Tibetans in Ahmedabad (An Article by Pascal Chazot)

Ahmedabad Mirror article by Pascal Chazot:
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Recently, when I had to go to Paris, I went searching for some woolens in Ahmedabad. Purchasing a sweater in France was equivalent to a month’s grocery here at home. I was adamant to buy whatever I needed here. The wife dragged me all over C.G. road where some of the prices came as close as the ones on Champs-Elysees. I then dragged the wife to the Tibetan market where I not only bought woolies for myself, but for the whole family.

Apart from the Tibetan market and the odd momo restaurant, the Tibetan presence is scant in Ahmedabad. The ongoing Tibetan festival brings to us a whiff of a bygone era. It brings the perfume of a culture that though trampled under military boots, emanates yet stronger essence. The Tibetans are a deeply spiritual and gentle people. It could not have been very difficult for China to walk over them. Ironically called the People’s Liberation Army, it claimed Tibet, the rooftop of the world in 1949. Where Tibetans once roamed free under blue skies, they are now in prisons in their own country. Despite the cultural genocide, the human rights abuses, the torture on frail innocent Buddhist monks, the Tibetans continue a non-violent struggle. The ongoing visit of Dalai Lama in the land of Gandhi has thus a special and profound meaning.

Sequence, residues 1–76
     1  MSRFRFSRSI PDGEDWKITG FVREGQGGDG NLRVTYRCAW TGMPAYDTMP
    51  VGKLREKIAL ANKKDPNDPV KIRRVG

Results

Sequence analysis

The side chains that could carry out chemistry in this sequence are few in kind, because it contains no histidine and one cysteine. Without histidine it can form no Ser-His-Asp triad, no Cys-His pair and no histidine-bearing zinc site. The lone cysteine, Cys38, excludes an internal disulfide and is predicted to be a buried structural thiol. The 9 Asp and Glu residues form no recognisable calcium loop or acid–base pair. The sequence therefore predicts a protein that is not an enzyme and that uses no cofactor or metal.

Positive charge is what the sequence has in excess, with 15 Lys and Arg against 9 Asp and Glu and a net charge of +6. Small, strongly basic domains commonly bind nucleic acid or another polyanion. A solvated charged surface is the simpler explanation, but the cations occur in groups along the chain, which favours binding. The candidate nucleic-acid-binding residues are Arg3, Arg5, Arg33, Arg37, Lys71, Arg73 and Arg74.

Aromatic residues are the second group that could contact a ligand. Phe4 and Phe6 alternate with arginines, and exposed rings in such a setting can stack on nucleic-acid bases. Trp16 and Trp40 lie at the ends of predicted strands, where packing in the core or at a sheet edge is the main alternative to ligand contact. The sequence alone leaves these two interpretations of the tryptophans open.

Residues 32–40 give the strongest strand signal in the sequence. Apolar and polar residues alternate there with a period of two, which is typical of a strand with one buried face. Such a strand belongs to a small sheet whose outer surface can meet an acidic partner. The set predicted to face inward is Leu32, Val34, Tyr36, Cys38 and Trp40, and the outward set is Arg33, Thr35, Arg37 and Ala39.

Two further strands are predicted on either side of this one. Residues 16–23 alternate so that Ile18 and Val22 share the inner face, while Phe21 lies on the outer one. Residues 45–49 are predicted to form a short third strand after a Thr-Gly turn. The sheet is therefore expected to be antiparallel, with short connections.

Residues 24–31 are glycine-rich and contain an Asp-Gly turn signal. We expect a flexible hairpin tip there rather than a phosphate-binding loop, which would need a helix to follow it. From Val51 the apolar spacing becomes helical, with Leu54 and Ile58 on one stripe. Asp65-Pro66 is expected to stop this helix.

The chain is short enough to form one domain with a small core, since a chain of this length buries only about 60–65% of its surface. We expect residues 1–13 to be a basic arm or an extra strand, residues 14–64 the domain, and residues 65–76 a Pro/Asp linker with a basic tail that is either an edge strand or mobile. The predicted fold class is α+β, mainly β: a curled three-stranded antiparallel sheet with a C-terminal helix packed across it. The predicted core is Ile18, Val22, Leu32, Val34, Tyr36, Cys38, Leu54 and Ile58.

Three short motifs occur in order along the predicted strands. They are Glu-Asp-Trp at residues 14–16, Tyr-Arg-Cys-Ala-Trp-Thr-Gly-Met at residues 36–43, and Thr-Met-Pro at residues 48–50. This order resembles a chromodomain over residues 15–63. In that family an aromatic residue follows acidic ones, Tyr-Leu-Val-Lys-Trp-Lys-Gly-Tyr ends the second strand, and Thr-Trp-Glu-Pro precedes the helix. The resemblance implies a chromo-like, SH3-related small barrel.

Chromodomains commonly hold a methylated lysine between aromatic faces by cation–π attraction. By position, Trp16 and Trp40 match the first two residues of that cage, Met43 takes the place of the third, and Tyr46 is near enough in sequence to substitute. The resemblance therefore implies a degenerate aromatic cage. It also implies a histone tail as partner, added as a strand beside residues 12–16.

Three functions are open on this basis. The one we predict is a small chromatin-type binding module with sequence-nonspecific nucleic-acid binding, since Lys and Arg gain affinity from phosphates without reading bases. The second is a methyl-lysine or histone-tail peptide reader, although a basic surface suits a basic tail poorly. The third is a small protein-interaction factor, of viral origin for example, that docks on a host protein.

We need to preserve Tibet for the world for several reasons. We need Tibet because its centuries old culture is part of our civilization of the world. We need Tibet because they have much to offer the world in terms of visual art (Thangka paintings, bronze statues…), religion (Buddhism), medicine (holistic herbal cures), literature (Buddhist tales and myths), architecture, dance, music and most of all because despite their own sufferings, they continue to practice compassion. We also need to preserve the natural landscape of Tibet. One reads of China’s project of building a road to the Mt Everest. One hopes that the world will take strong steps to prevent what would be a major environmental disaster. It will destroy not just the natural beauty but the flora and fauna which in turn will have serious consequences for the world ecology.

The Tibetans also have the most unique political system in the world, wherein their political head is also the spiritual leader. The Dalai Lama, like other Tulku, is chosen after a complex and very interesting series of tests. It is a system that has worked all these centuries. Somehow, China seems frightened of the strength of this small community. So much so that in 1995, it kidnapped from his home the 11th Panchen Lama when he was just 6 years old making him probably the youngest political prisoner of the world. Till today, his whereabouts are not known.
China itself is a country of a prized civilization. Chinese Arts, culture and philosophy contributed greatly to the world. How can it justify the snuffing out of another culture? As China holds the 2008 Olympics, many people all over the world are finding ways of registering their protest regarding the invasion of Tibet. It is time that China understood that its continued stance will lead to more and more world citizens supporting the Tibetan cause.

I deeply believe that the scattered exiled Tibetans have led to a greater interest in Tibetan culture and philosophy. There are now monasteries in remote regions in my country in France where the French learn about meditation. India has been gracious to host the exiled Tibetans and allow them to practice their religious beliefs.

Meanwhile, I hope that the Tibetan presence in Ahmedabad goes beyond the Tibetan market. We need to help preserve Tibet for all our children.